Hardwood vs. softwood
These are confusing terms, as they really don’t refer to the actual hardness of the wood. Balsa, for example, is a hardwood, but you could practically cut it with your fingernail. The term “hardwood” simply indicates that the wood comes from a deciduous tree, the type that loses its leaves in the fall. “Softwood” refers to conifers, which are generally trees with needles, like pine, spruce, fir and cedar. The vast majority of home construction is done with fast- growing softwoods.
What you’ll find at home centers
(The prices listed are for an 8-ft. 1x6.)
STANDARD PINE ($4)
Eastern white pine is the most widely used wood for home construction. Knots and resin are common. Doesn’t take stain evenly.
SELECT PINE ($10)
Same as standard pine but completely knot free. Nice for paint or natural finish.
Western red cedar is lightweight and rot resistant, making it popular for outdoor furniture. Knots and splits are common.
Yellow poplar is generally light- colored, with hues ranging from yellow to green to purple. Excellent for painted woodwork because grain doesn’t show through.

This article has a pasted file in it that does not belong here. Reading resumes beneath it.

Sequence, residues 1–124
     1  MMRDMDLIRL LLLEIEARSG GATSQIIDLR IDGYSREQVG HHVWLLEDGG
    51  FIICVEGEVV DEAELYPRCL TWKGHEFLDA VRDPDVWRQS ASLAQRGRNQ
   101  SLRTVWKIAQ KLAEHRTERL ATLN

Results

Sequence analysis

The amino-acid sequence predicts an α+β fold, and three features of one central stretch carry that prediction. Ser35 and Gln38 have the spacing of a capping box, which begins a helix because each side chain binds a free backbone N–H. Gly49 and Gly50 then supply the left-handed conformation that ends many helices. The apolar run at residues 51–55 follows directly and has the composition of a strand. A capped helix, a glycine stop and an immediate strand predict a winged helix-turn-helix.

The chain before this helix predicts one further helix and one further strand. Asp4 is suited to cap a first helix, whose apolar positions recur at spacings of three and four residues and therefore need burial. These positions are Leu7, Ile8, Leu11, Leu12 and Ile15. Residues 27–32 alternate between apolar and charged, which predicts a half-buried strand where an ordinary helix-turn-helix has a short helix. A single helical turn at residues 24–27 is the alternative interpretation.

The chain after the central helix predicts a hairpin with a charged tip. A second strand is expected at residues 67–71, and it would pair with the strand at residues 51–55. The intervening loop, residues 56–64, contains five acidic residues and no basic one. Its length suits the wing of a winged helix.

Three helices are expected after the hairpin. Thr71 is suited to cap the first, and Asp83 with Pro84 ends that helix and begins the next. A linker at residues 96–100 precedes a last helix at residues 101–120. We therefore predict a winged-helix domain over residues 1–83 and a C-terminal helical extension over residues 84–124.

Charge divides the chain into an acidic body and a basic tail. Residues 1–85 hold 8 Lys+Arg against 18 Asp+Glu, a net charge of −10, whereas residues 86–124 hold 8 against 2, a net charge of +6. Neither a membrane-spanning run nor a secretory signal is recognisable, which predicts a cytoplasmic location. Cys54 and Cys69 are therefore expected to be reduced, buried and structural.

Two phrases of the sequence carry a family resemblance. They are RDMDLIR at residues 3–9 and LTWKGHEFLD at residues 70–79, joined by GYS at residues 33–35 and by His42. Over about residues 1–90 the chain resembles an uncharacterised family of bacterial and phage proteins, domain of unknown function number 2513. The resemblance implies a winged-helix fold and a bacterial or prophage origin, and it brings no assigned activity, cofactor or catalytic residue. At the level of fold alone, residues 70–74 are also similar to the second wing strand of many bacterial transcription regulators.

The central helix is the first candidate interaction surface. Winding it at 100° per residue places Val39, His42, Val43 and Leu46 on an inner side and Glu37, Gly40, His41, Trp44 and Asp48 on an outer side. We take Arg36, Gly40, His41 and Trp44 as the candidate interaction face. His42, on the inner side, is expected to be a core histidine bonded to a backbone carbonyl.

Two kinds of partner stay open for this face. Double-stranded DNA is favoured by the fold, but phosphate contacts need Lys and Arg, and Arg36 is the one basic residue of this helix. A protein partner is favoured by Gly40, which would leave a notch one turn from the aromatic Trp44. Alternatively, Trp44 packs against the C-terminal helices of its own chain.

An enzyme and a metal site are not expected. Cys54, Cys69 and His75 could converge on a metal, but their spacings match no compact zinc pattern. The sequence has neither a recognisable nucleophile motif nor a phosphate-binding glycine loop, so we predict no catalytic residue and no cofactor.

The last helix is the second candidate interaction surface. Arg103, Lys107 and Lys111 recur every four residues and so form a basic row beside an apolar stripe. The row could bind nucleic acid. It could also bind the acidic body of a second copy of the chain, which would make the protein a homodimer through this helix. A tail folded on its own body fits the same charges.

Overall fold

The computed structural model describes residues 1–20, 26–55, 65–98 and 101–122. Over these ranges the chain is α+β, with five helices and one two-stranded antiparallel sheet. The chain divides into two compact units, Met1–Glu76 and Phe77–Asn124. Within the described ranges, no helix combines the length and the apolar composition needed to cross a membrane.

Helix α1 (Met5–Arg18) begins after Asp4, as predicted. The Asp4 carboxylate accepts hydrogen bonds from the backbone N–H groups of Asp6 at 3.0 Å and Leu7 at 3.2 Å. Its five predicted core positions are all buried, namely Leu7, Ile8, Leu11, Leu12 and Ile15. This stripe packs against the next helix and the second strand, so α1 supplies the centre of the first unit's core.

RED OAK ($17)
Red oak is the most ubiquitous cabinet wood of the last 75 years. It’s strong, durable and takes finish well.
CHERRY ($40, not shown)
Black cherry is a “medium hard” hardwood. It’s easy to work with hand or power tools and takes a finish well, turning darker as it ages. Used for high-end cabinetry and furniture.
Aspen is a soft, lightweight hardwood with subtle grain. It’s excellent as a base for paint or as a secondary wood (see p. 16).
RED ALDER ($21)
Red alder is a soft, lightweight hardwood. Its reddish brown color and grain texture make it resemble cherry. Stable and easy to work, it’s a good choice as either a primary or secondary wood (see p. 16).
Philippine mahogany is a soft hardwood. Typically has uniform grain and texture. The home center variety is less showy than African mahogany, but it’s a stable, easily worked primary or secondary wood.
Hickory, a tough hardwood with pronounced grain, is well suited for tool handles and baseball bats. It’s hard to work with hand tools but finishes beautifully.